I got another scar on Monday. This one was hernia repair surgery. Before that, mole removal. Before that, knee surgery. They are all pretty minor. And, yet, I can’t help treating them like tally marks counting off the days of my youth…
This new one is by far the biggest. It’s an inch and a half long gash on my groin. It’s narrow, though, and it seems poised to heal quite nicely (the surgeon placed it strategically and used dermabond instead of stitches). It’s nothing that people will see, even when I’m wearing a swimsuit. It’s just there for me to see and know that entropy is indeed increasing.
Part of me is genuinely proud of my scars. They are badges of experience. They are unique stories about my body, just like my genome and the facts of my development. The surgeries they represent are triumphs of human ingenuity and cooperation that I am honored to commemorate. But another part of me is horrified by what my scars represent. I’ve been branded by time and contingency, and soon I will belong to them entirely. Worst of all, I feel like I let this happen.
I have the same confused feelings about scars that I do about aging itself. I have philosophical views on one level that I can’t quite grok at my core. In the abstract, I realize that I will only ever be inhabiting one moment along a trajectory of so many years. I just turned 25, which is a pretty prime position on that number line. If I got dealt this moment at random, I would probably be pretty pleased. I’m young and (minor surgery notwithstanding) healthy but not a dependent child. It would be a horrible loss if I hadn’t gotten to experience this moment eventually.
So why am I not enjoying this choice moment when it comes up in a stepwise fashion? Because I’m not ready. I’m worried about how this moment will look from the prospective of all of those future moments. There’s a part of me that would rather have life up my sleeve than ever really experience it. I cling to the half-belief that time needs my permission to pass over me, as if I can stop it through denial.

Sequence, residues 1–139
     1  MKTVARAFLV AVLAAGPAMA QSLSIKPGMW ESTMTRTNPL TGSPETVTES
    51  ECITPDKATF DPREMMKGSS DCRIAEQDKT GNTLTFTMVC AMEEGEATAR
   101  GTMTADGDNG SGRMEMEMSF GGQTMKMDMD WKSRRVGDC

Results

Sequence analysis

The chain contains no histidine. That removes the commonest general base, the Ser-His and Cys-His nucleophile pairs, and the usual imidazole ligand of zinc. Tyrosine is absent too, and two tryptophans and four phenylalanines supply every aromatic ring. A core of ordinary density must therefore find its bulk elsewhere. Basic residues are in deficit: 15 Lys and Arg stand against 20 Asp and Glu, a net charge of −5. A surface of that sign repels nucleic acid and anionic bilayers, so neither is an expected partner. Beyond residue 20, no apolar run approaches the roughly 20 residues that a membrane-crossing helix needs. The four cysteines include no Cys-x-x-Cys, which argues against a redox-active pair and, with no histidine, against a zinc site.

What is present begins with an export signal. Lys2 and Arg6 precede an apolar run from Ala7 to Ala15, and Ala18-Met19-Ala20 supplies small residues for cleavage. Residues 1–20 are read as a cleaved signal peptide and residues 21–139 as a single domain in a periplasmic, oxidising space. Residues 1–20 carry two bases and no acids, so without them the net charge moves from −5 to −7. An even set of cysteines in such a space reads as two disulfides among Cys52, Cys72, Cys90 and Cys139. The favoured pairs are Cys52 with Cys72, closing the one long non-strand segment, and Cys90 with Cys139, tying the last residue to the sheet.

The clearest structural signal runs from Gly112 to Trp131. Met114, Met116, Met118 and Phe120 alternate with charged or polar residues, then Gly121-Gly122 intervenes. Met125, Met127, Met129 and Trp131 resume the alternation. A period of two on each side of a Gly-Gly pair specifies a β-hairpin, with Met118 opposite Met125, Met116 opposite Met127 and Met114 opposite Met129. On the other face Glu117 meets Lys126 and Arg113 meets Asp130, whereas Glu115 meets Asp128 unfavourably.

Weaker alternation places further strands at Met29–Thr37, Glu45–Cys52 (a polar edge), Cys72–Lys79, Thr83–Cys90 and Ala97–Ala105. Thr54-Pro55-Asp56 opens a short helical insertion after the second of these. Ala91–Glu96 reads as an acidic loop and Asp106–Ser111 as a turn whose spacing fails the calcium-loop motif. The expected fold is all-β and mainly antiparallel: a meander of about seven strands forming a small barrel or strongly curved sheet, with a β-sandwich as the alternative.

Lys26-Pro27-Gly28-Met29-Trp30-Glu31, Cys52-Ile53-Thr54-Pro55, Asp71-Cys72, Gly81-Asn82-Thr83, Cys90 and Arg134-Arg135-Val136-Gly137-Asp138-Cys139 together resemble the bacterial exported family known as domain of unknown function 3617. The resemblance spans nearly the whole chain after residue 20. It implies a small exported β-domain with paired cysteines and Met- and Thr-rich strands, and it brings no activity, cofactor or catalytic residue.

This is, of course, absurd. The bad thing about dying is not getting to live, right? Never living out my adulthood would be the same as dying young. Future life is not life at all unless it is ultimately felt in a present. Yet I know I’m not alone in this paradoxical thinking. People mourn lost potential as if potential has a life of its own, separate from the person it was attached to. Even the best outcomes displace unimaginably better potential outcomes, and so we easily feel that something ineffable has been lost whenever a tangible thing is gained.
The truth is that potential has to die in order for people to live. Each moment that is pinned down and made real is snatched from the ether of potential, and every time you capture a moment, dozens more escape into outer darkness. My “potential” is leaching away my life as surely as time and age. “Potential” is trying to swap my real life for an unblemished hypothetical.
Part of me fears that the scars are diminishing me, making me old and vulnerable– exhausting my potential. The part of me that likes my scars (and which is emboldened by thinking the matter through) likes their assertion that I am not my potential. I am my reality. My scars are salient markers of some of the myriad solid, irreversible moments that make up my life. They are not potential lost; they are substance gained.
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